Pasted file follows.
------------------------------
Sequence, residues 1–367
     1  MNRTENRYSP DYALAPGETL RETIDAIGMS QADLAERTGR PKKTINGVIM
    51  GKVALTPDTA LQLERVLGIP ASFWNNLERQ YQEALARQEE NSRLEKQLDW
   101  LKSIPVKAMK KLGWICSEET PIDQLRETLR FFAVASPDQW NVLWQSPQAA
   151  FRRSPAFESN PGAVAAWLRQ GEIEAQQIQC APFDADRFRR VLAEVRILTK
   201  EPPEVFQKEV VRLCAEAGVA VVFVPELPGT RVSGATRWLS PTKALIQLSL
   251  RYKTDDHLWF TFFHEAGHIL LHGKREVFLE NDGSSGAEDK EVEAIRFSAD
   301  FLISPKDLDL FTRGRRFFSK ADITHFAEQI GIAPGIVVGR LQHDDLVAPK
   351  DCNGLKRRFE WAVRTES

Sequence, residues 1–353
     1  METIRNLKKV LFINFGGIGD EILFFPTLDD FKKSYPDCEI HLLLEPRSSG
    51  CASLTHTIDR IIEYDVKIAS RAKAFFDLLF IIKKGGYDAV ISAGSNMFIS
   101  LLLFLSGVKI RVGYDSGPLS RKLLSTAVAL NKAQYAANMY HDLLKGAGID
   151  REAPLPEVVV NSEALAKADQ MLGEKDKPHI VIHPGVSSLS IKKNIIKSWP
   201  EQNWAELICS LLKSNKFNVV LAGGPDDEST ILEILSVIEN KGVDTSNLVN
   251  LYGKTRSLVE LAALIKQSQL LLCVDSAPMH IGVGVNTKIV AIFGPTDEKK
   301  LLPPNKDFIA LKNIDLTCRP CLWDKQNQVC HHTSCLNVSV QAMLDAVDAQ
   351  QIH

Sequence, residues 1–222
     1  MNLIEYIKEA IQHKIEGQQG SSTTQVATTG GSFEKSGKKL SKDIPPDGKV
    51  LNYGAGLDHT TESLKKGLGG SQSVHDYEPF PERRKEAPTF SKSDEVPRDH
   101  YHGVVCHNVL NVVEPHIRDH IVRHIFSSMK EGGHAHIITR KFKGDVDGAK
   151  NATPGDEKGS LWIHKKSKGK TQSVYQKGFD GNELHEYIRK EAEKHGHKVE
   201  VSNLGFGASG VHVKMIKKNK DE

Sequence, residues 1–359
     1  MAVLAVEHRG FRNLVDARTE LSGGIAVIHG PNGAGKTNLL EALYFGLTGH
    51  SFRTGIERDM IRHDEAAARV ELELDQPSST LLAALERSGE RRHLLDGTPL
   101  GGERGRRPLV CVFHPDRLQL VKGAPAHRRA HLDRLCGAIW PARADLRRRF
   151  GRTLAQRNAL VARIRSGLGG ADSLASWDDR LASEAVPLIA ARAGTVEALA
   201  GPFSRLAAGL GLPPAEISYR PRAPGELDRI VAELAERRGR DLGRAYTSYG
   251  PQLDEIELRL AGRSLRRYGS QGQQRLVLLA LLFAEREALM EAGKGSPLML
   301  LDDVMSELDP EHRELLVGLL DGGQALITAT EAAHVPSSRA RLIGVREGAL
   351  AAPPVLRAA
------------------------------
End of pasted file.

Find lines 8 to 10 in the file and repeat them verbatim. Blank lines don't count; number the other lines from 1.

   301  FLISPKDLDL FTRGRRFFSK ADITHFAEQI GIAPGIVVGR LQHDDLVAPK
   351  DCNGLKRRFE WAVRTES

Sequence, residues 1–353